ROME (Reuters) - The European Commission is set to reject Italy’s budget plans in November and open a procedure against the country’s public accounts in February, Italian daily la Repubblica reported on Monday.
Last week, the ruling coalition, which comprises the anti-establishment 5-Star Movement and the far-right League, proposed a 2019 deficit that is, at 2.4 percent of gross domestic product (GDP), three times the previous administration’s target.
Citing unnamed EU sources, the newspaper said Brussels had little room for manoeuvre with such targets, adding that the Commission would be forced to reject the budget.
The European Commission did not immediately respond to a request for comment on Monday.
Last week the EU executive body said that it will assess the draft budgetary plans for 2019 of all euro area member states, including Italy, in the weeks after their formal presentation by 15 October, and before the end of November.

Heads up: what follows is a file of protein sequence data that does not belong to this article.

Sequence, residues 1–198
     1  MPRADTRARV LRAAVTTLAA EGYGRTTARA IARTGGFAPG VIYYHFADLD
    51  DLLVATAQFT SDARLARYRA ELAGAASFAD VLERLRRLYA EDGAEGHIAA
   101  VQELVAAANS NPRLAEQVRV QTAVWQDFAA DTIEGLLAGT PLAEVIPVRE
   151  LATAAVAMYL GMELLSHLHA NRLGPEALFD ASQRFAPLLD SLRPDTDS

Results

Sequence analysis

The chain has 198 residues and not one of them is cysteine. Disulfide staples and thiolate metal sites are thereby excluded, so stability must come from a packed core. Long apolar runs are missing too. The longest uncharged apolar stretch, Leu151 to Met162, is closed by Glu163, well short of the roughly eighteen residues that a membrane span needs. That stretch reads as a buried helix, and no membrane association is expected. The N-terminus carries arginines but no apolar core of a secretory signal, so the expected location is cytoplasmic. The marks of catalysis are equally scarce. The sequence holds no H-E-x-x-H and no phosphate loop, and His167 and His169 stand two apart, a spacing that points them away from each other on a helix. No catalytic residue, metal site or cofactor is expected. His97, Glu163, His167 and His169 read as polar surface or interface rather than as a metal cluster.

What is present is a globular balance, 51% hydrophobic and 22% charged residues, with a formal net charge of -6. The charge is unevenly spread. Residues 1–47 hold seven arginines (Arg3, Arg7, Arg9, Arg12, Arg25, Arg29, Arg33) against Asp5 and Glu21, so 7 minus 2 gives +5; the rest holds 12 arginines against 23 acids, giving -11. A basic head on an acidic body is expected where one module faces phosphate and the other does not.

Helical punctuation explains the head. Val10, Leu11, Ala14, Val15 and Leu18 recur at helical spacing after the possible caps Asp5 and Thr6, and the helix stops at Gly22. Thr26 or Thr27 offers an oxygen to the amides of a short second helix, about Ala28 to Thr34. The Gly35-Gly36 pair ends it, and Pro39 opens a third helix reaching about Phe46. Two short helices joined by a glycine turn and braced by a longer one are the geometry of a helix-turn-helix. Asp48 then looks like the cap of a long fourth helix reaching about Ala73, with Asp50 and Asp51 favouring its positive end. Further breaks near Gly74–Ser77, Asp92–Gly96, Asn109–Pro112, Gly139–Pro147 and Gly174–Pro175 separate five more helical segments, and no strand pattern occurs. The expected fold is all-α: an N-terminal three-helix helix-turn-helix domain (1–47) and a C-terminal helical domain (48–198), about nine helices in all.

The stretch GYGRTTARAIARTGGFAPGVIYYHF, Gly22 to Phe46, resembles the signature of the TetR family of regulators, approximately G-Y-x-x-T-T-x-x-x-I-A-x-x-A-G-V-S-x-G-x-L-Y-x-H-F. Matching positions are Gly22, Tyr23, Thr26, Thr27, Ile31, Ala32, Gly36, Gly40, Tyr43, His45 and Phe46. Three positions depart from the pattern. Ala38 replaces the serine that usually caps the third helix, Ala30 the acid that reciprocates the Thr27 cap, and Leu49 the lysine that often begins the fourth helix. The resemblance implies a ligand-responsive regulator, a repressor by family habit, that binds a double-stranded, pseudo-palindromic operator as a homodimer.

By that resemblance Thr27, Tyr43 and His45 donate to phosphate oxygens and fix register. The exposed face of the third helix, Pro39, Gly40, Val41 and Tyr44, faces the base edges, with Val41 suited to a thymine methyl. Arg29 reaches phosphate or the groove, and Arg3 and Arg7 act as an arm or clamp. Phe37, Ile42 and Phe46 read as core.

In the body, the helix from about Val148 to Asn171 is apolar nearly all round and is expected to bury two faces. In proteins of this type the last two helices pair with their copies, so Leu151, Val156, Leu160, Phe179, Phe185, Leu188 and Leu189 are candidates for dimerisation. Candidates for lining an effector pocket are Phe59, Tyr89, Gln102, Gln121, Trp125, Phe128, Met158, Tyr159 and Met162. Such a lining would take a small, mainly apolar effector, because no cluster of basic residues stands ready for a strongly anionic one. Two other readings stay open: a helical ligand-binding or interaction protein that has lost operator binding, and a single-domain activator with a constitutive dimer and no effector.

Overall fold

Officials and diplomats in Brussels told Reuters last week that they still hope market forces will convince Italy to change its budgetary plans before they are formally submitted by mid-October to the EU Commission.
It is still far from certain whether the EU executive would choose to enter the uncharted territory of sending the budget back to Rome — a move that would escalate the crisis if Italy were to ignore its recommendations, sources said.
In that case, the Commission would have to open sanctions proceedings against Rome, but that might not happen before spring because disciplinary decisions are usually taken only after final data is available in April.
Reporting by Giselda Vagnoni; additional reporting by Philip Blenkinsop in Brussels, editing by Francesca Landini and Crispian Balmer